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DETROIT — When Kevyn Orr starts his new job today as the state-imposed emergency financial manager of Detroit, he will wade into a city of crumbling neighborhoods where police fail to respond to some calls, arson fires burn out of control, and residents scour charred buildings for scrap metal to sell.
Except for the business district and a cultural area including a university, museum, and some theaters, the city of Detroit, population 700,000, is in bad shape.
Mr. Orr, a bankruptcy lawyer based in Washington, will have the official title of emergency financial manager, but his task will range far beyond money.
He could be greeted by protesters as he arrives at work and plans to spend his first day meeting with some city officials who for months fought against creating his job at all.
Mr. Orr, 54, is under no illusions that he’ll be treated as a hero when he begins his duties.
His appointment by Michigan Gov. Rick Snyder makes Detroit the nation’s largest city ever put under state control.
Mr. Orr says he is motivated by the opportunity to engineer one of the greatest fiscal turnarounds in U.S. history.
“My set-in-stone plan is to get to the office ... and start meeting folks.”
A review team spent two months scrutinizing Detroit’s books and reported to Mr. Snyder that the city was in a financial emergency, citing its long-term debt of more than $14 billion and a $327 million budget deficit.
Mr. Snyder agreed and earlier this month announced Mr. Orr, who represented automaker Chrysler LLC during its successful restructuring, as the man for an even larger fix-it task.
State law allows emergency managers to negotiate labor contracts and deal with vendors. He can sell off city assets to raise money and cut the salaries of elected officials to save bucks.
Opponents, led by Detroit clergy and residents, say the law snatches power from elected officials.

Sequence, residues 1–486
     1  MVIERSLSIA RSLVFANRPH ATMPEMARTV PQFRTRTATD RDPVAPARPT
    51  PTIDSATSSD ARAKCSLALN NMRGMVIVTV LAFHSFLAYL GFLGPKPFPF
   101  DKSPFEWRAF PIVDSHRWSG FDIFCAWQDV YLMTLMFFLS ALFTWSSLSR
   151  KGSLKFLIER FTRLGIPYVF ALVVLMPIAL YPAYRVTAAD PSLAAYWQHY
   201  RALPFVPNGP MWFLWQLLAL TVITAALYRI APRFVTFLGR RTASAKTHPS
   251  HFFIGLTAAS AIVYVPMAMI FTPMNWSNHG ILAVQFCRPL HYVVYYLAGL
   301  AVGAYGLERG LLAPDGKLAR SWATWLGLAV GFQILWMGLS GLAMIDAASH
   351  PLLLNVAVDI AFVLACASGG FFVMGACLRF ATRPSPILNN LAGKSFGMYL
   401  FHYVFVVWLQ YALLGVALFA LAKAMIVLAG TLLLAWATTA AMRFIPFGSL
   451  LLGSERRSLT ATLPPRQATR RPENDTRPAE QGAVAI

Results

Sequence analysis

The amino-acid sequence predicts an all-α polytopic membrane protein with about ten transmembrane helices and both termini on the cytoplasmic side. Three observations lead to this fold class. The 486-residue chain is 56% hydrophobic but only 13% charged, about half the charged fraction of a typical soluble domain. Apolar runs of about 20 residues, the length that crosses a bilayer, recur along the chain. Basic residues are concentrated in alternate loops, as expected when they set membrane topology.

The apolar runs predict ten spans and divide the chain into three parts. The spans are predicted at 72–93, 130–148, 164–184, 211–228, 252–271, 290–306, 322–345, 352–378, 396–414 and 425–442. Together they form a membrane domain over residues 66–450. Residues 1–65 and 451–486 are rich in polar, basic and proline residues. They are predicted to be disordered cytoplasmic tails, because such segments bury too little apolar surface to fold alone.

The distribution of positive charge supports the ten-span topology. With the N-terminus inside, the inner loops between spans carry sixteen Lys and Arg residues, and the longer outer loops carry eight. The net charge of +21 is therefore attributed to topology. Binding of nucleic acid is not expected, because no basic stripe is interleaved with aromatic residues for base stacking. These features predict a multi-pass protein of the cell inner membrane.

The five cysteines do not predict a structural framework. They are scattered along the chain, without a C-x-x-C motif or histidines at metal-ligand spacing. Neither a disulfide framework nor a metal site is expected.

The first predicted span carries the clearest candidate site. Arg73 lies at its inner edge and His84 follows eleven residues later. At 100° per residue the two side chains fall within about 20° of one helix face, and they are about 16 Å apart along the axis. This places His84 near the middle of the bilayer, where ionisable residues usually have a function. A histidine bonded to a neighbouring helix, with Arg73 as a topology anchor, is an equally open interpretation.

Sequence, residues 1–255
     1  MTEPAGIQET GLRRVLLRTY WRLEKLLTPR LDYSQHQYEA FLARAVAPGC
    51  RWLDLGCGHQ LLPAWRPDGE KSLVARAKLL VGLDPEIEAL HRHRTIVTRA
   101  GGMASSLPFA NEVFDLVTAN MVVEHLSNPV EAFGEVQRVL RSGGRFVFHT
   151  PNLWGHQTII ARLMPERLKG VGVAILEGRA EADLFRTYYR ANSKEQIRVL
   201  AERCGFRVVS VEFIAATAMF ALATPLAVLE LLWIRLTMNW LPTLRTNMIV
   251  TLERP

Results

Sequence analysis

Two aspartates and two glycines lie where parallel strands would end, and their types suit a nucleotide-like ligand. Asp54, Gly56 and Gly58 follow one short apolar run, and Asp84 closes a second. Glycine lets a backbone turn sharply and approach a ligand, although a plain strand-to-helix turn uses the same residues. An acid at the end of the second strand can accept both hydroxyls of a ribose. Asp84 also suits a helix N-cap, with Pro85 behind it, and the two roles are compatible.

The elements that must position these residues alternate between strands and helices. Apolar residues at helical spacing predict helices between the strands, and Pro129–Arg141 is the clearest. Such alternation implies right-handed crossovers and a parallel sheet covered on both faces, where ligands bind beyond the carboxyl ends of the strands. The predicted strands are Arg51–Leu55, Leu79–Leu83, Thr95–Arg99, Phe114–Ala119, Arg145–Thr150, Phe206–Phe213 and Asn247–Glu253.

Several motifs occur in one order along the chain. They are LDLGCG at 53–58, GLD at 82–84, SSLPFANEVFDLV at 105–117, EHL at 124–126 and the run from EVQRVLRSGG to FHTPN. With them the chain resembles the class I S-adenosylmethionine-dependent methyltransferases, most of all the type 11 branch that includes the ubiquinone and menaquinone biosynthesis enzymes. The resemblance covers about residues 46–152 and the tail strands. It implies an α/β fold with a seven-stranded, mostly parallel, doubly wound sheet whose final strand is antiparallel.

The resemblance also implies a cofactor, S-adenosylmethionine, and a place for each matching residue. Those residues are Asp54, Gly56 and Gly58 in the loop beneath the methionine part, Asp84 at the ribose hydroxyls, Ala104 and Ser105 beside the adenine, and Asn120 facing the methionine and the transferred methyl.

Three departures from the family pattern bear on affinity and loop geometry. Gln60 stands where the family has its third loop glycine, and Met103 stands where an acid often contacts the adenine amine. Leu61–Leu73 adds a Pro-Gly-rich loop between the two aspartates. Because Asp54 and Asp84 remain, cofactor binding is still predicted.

The Rev. Jesse Jackson has called for mass demonstrations outside City Hall.
Early success could be crucial for Mr. Orr to win over citizens who are skeptical about whether an emergency manager really is needed, bankruptcy expert Doug Bernstein said. Such victories can be as simple as getting “street lights on and get police on the street,” he said.
“Public safety is paramount,” said Mr. Bernstein, managing partner of the Banking, Bankruptcy and Creditors’ Rights Practice Group for Michigan-based Plunkett Cooney law firm.
The new emergency financial manager agrees, saying his top priority on Day 1 will be improving public safety.
“We have to gain the public’s trust, and to do that, we have to show progress with fire and police services,” Mr. Orr told Reuters in an interview.
This could be what one former Detroit police chief called a “Herculean task” for Mr. Orr, who said he thinks the stories of Detroit’s demise “are overrated in my opinion.”
The number of Detroit’s uniformed police officers has fallen from 3,070 in 2000 to 2,000 today, according to city figures. This has left the department so understaffed officers cannot get to some crimes, even violent ones.
Mayor Dave Bing reluctantly reduced the department’s budget by 20 percent last year, and pay for police and firefighters was cut 10 percent because there was no money to pay them.
The number of murders per 100,000 people in Detroit in 2012 was around 10 times the national average, according to U.S. government statistics.
Detroit Fire Department records show the city has an average of 30 fires daily, most of them suspected arson. Fire department union president, Dan McNamara, said the culprits usually get away with it because of a shortage of arson investigators.
Beyond public safety, a host of other problems await Mr. Orr — including health-care costs, pension concessions, privatizing services if necessary, and, finally, weighing whether the only real solution is municipal bankruptcy.
Although he likes what he has seen in parts of the city — downtown, resurgent Midtown, the strong cultural and central business districts — Mr. Orr acknowledges other neighborhoods are “in need of some TLC.”
Amid all these problems, he acknowledges there’s a risk of being unable to solve them, though he insists he will within the 18 months dictated under Michigan’s emergency manager law.
“Failure is not an option,” Mr. Orr said. “It’s just a question of designing the architecture around what can be creating a future — and a sustainable future — for the city.”
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